# Show that the rank of $\phi$ and $\psi$ is equal to the rank of $\langle\cdot,\cdot\rangle$, resp. $f$

Let $$V$$ be a vector space on the field $$K$$ and let $$V^*$$ be the dual space of $$V$$. For every bilinear form $$\langle\cdot,\cdot\rangle$$ on $$V$$ we define a linear map $$$$L_{\langle\,\cdot,\cdot\,\rangle}: V \rightarrow V^* : v \mapsto \langle\cdot,v\rangle$$$$

Let B(V) be the set of all bilinear forms on $$V$$ and consider the functions $$$$\phi: B(V) \rightarrow \operatorname{Hom}_K(V,V^*) : \langle\cdot,\cdot\rangle \mapsto L_{\langle\cdot,\cdot\rangle}$$$$

$$$$\psi: \operatorname{Hom}_K(V,V^*) \rightarrow B(V) : f \mapsto \langle \cdot,\cdot\rangle_f$$$$

I have already shown that $$\phi$$ and $$\psi$$ are each other's inverse en are thus bijections.

I am stuck on the next question: "Show that the rank of $$\phi$$ and $$\psi$$ is equal to the rank of $$\langle\cdot,\cdot\rangle$$, resp. $$f$$, if we assume that $$\dim V = n < \infty$$."

I know that the rank of the bilinear form $$\langle\cdot,\cdot\rangle$$ is equal to the rank of a Grammian matrix of the bilinear form $$\langle\cdot,\cdot\rangle$$, but I couldn't get any further.

Presumably this means that for any bilinear form $$g\in B(V)$$ the map $$\phi(g)$$ has the same rank (as a map) as the rank of $$g$$ (as a form); and that for any map $$l\in Hom(V, V^*)$$ the rank of $$\psi(l)$$ as a form is the same as rank of $$l$$.

This paragraph is motivation, ignore it if you dislike unfamiliar terms: Since you know $$\phi$$ and $$\psi$$ are inverses of each other, it is enough to show that each is rank-non-increasing (since then the only way the composition can be identity is if each one is rank-preserving).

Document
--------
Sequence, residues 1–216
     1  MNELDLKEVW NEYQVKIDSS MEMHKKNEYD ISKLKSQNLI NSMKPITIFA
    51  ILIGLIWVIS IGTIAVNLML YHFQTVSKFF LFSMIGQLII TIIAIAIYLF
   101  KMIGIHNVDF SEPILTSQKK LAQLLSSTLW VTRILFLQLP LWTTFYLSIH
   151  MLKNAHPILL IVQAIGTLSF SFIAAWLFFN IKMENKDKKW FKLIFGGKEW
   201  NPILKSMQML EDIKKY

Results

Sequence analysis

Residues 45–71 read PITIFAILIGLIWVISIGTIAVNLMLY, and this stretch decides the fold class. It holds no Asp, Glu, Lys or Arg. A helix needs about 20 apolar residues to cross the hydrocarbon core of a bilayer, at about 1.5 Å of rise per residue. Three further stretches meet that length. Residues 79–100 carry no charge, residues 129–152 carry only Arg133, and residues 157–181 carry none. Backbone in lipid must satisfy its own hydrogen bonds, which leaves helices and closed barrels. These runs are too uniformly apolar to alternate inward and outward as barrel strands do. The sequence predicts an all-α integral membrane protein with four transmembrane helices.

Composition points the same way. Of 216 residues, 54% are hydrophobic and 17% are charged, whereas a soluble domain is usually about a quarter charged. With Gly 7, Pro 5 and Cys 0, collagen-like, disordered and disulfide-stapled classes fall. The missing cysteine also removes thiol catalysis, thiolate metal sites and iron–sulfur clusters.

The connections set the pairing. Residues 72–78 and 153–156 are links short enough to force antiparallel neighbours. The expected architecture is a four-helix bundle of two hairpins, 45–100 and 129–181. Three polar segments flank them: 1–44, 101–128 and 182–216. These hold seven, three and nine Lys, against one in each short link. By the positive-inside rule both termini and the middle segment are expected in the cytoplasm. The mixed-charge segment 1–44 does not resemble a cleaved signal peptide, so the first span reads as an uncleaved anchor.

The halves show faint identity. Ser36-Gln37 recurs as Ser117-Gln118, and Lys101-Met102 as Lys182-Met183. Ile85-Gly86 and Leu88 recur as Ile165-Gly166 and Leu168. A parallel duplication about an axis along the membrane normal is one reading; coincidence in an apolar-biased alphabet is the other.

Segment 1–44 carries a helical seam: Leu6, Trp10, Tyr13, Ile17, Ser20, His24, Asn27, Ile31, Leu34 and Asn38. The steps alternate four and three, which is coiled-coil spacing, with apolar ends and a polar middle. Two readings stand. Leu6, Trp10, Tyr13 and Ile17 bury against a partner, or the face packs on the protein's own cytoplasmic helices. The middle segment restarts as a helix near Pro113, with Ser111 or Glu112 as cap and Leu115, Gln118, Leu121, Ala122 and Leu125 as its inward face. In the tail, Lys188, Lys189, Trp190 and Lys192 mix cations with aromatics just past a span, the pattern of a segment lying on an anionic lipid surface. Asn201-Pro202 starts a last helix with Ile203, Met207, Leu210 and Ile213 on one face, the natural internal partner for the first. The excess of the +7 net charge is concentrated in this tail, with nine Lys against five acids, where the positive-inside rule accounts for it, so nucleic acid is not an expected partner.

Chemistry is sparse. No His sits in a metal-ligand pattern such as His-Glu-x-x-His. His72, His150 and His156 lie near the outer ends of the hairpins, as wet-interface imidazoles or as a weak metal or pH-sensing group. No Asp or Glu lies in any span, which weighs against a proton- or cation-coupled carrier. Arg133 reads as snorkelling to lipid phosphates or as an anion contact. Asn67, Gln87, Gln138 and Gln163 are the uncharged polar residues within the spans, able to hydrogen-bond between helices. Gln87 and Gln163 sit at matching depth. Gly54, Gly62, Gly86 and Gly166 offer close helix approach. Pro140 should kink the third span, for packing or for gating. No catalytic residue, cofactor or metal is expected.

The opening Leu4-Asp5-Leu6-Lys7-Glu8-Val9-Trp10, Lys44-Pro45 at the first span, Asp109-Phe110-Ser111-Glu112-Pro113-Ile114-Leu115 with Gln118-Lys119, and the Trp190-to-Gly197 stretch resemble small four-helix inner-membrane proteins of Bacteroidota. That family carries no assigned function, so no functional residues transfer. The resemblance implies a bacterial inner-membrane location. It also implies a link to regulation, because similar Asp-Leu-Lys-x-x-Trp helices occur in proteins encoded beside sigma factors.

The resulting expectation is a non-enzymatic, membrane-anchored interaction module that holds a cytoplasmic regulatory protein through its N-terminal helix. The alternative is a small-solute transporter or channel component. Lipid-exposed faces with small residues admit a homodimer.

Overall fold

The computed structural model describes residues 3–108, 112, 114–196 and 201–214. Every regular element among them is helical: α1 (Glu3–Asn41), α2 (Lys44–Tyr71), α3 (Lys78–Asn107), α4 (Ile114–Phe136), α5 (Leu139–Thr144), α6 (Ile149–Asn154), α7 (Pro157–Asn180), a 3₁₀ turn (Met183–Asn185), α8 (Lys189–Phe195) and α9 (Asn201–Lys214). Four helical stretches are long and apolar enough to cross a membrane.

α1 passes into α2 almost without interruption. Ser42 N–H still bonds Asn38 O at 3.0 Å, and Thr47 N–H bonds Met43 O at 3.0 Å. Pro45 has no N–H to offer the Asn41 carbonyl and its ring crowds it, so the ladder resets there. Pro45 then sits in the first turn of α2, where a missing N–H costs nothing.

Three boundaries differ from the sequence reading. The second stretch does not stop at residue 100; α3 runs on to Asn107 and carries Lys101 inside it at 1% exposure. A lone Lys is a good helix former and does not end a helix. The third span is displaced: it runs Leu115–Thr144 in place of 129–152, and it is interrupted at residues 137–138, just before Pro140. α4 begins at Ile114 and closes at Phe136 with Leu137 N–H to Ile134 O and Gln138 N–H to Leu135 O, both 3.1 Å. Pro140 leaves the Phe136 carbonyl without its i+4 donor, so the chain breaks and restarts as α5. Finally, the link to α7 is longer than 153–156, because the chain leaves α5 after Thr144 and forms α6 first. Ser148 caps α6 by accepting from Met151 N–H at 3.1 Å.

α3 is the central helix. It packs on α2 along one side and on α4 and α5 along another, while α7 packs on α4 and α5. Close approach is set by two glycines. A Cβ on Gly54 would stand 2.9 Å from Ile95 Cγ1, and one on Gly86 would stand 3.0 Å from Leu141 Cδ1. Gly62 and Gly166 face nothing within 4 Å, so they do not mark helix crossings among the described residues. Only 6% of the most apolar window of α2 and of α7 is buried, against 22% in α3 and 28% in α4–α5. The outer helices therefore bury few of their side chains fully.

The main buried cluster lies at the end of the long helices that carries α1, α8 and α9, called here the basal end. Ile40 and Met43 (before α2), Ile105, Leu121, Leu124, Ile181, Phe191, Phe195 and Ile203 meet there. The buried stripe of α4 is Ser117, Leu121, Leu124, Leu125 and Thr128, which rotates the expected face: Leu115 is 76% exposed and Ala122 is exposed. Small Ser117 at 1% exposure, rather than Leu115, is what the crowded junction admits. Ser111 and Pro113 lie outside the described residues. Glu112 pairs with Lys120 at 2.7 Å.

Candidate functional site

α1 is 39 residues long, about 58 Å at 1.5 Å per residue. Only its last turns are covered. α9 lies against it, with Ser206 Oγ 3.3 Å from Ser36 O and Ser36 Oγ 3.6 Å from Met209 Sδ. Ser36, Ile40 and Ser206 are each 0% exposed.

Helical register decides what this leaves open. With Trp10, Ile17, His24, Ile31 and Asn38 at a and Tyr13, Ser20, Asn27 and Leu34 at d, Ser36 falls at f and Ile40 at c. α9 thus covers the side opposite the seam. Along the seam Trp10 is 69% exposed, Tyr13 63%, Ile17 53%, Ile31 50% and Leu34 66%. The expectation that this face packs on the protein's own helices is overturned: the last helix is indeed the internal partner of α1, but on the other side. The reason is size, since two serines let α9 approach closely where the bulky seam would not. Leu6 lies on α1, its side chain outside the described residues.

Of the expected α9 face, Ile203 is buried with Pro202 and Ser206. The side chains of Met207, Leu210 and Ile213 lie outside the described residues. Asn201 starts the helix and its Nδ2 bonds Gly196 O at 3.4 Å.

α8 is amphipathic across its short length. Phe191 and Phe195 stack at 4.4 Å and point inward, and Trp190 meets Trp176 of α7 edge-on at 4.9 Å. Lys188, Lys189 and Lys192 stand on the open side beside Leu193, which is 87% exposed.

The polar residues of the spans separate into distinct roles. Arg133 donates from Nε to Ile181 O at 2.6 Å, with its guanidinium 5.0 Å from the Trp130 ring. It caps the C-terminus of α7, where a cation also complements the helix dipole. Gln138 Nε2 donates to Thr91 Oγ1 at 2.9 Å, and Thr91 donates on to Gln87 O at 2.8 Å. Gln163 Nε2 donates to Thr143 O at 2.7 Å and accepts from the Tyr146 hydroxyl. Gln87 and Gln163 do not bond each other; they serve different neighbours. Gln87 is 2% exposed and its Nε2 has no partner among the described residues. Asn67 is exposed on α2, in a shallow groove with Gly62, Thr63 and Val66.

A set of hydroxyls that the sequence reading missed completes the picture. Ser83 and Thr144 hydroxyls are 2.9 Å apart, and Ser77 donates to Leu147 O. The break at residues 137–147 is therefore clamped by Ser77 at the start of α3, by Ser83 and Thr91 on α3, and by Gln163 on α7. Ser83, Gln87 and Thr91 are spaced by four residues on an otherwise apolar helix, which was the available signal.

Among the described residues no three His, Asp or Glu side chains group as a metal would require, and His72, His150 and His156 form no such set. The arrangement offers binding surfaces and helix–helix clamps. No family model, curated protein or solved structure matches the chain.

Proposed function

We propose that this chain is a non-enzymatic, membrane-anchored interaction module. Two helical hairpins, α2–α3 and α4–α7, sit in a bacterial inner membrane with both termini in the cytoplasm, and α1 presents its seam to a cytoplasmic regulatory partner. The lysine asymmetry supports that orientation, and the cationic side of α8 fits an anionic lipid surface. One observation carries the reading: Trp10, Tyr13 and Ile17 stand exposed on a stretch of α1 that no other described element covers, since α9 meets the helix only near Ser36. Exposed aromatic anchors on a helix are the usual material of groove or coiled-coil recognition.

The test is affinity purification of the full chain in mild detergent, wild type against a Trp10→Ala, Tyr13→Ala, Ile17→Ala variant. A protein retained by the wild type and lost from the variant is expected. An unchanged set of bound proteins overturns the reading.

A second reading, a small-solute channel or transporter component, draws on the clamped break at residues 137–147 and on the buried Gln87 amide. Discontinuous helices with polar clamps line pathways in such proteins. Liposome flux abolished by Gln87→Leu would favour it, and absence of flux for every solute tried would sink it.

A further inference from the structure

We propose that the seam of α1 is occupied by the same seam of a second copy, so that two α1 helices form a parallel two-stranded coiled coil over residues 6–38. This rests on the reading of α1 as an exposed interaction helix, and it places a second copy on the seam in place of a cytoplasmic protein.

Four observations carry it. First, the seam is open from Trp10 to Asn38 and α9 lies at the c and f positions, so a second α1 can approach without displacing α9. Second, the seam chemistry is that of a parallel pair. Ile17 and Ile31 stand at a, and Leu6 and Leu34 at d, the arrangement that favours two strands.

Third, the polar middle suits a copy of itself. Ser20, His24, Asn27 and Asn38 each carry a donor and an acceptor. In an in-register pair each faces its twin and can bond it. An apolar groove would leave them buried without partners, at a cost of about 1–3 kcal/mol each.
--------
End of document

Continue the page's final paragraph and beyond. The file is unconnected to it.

Now suppose $$g$$ has null space $$W$$ (as a bilinear form). Check that then $$\phi(g)$$ restricted to $$W$$ is zero. So $$rk(\phi(g))\leq rk(g)$$.

Similarly, if $$l$$ has null space $$U$$ (as a map), then check that $$\psi(l)$$ has $$U$$ as part of null space (of the form). So $$rk(\psi(l))\leq rk(l)$$.

Combining the above two inequalities and the fact that $$\psi\cdot \phi =Id$$ we have for any $$g$$:

$$rk(g)=rk(\psi(\phi g))\leq rk(\phi(g))\leq rk (g).$$

Hence all the inequalities are equalities, and in particular $$rk(\phi(g))= rk (g)$$. Similar argument shows $$rk (\psi(l))=rk (l)$$ for all $$l$$.

• Yes, I essentially have to show that the rank of a map and the rank of the associated bilinear form are exactly the same. Aug 24, 2020 at 9:20
• This also seems to be correct, but as we haven't seen the terms 'rank-non-increasing' and 'rank-preserving', I don't think we can use them... Thanks for your solution anyways! Aug 24, 2020 at 9:22
• The wording of the question is confusing, since $\phi$ is also a linear map, and has a rank (equal to $n^2$, since it's an iso between two spaces $B(V)$ and $Hom(V, V^*)$ of dimension $n^2$).
– Max
Aug 24, 2020 at 9:23
• These are not "terms" you would expect to have seen, necessarily. These are the things you could define: "rank-non-increasing" meaning the rank of the image is less than or equal to the rank of the thing you start with; rank preserving means these ranks are equal. You can rewrite the solution without them.
– Max
Aug 24, 2020 at 9:25
• See the edited version.
– Max
Aug 24, 2020 at 9:30